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I don't know if it's right place to ask it, but I searched google and books the answer I get seems to be like resonant antenna have small bandwidth and have standing wave instead non resonant antennas have wider bandwidth and travelling waves. What I don't get that how should it affect my choice of choosing one over other for a particular situation, like what I lose when I choose one over other and what I gain.

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A non-electrically-resonant antenna is when the antenna is used at its optimum "natural" frequency. Example: a half-wave dipole where the incoming signal wavelength corresponds to twice the antenna length. In these circumstances, the dipole appears as a resistance fairly close to 74 ohms and, either side of its "natural" resonant frequency, it might look a little capacitive or a little inductive but, the main component of its impedance is resistance. This makes it difficult to directly electrically tune to gain any benefit and, because of this, it has a naturally "decent" bandwidth.

Another example is the quarter-wave monopole antenna used on FM radios to receive 88 to 108 MHz broadcast stations. These are non-electrically-resonant and have a decent bandwidth.

A good example of an electrically-resonant antenna is the old-fashioned crystal radio antenna. Typically it's a monopole but, because it's being used to receive transmissions in the 1 MHz or lower part of the spectrum, it's physical length is well-short of a quarter wavelength and, because of this, its dominant impedance is capacitive. The received signal voltage is also significantly smaller than a proper quarter-wave monopole but, because crystal radios use a tuned inductor, the arrangement of short-antenna (dominated by capacitive reactance) and the tuning inductor magnify the low signal voltage significantly. Together they are an electrically-resonant circuit. They can be "selective" enough to tune across lower the frequency bands and receive each transmission without much co-channel interference.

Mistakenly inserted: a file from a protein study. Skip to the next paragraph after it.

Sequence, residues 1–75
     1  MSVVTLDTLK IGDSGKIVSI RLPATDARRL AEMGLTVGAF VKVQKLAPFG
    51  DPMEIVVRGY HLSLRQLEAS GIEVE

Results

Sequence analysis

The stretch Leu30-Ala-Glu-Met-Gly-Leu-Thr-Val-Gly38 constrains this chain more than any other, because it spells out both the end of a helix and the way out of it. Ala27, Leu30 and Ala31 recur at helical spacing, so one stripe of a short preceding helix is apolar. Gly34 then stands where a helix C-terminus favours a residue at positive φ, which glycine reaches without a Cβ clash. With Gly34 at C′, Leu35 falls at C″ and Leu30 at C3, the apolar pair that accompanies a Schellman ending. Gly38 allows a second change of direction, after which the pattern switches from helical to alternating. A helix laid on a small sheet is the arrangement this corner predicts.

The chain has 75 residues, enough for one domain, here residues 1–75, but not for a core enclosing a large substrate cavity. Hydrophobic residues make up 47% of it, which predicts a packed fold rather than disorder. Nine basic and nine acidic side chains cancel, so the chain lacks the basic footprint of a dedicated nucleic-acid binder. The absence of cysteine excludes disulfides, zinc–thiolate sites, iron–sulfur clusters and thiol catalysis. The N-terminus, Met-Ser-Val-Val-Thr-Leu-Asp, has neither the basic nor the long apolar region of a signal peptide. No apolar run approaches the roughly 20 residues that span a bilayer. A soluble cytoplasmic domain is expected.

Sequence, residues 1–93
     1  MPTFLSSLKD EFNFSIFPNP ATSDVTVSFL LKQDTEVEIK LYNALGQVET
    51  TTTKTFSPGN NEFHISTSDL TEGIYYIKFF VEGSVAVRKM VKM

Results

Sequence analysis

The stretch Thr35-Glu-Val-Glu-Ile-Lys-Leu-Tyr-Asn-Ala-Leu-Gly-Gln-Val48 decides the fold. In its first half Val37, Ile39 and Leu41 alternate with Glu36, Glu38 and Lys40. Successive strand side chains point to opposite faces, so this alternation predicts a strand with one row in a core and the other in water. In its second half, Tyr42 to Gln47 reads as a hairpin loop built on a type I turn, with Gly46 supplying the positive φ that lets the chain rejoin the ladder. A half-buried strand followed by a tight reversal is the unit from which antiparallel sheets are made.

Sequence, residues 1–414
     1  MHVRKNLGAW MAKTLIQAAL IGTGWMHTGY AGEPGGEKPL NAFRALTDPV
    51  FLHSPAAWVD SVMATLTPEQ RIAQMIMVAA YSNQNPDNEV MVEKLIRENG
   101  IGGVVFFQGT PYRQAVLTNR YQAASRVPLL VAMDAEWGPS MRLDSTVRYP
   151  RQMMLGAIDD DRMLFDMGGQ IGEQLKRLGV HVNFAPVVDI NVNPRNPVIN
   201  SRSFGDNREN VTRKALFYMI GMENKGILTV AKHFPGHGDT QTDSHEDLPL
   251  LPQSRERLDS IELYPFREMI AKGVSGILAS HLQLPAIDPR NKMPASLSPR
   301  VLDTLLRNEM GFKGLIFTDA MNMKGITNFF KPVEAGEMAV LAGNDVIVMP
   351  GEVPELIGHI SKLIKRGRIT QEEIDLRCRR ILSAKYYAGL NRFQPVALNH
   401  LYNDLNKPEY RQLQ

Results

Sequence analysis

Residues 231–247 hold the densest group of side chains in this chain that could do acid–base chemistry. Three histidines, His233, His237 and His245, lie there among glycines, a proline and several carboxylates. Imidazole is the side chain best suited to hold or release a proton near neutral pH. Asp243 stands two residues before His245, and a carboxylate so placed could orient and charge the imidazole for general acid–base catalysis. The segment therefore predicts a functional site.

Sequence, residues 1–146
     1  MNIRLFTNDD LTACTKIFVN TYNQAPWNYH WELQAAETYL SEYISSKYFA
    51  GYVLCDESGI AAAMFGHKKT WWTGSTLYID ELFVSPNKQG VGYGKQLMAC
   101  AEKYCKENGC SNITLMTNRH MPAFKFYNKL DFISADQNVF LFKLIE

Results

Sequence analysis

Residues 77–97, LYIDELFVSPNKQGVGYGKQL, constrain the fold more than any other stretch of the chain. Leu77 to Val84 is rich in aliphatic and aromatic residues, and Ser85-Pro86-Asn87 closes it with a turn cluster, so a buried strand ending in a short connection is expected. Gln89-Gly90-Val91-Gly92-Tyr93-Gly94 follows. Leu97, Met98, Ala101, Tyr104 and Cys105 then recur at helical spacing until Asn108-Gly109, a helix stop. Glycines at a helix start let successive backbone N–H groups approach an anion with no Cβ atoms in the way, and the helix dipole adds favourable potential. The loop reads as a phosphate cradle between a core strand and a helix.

The decision to choose one over the other is usually down to accommodating the space required for the antenna. If there isn't much room to have a full-length "natural" antenna, then you will choose a "short" antenna and possibly implement a direct tuning regime to select the desired station.

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  • \$\begingroup\$ Sir I got what you emphasised but how do I compare it with a not resonant antenna . \$\endgroup\$ – SUNITA GUPTA Sep 27 '20 at 13:00
  • \$\begingroup\$ I covered both in my answer. First: non-electrically resonant and then below that the electrically-resonant antenna @SUNITAGUPTA \$\endgroup\$ – Andy aka Sep 27 '20 at 13:03
  • \$\begingroup\$ Sir I pardon to say but from "A good example..... " i.e. in third para didn't you said that how a not resonant antenna can also be made highly tuned. \$\endgroup\$ – SUNITA GUPTA Sep 27 '20 at 13:11
  • \$\begingroup\$ @SUNITAGUPTA - OK, I've added a phrase in brackets after "short-antenna" : (dominated by capacitive reactance) - does this now make more sense? Do you understand that a capacitor and inductor used together can make a highly resonant circuit? \$\endgroup\$ – Andy aka Sep 27 '20 at 13:18
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    \$\begingroup\$ These things are barely affected and remember that this is a question and answer site. If you now want to explore how an antenna might subtly change its characteristics based on loading impedance then ask a new question. I walk away from questions that evolve excessively because it wastes too much of my time. It's just a nudge to remember what this site is about - it's not a forum or talking shop. \$\endgroup\$ – Andy aka Sep 27 '20 at 14:29

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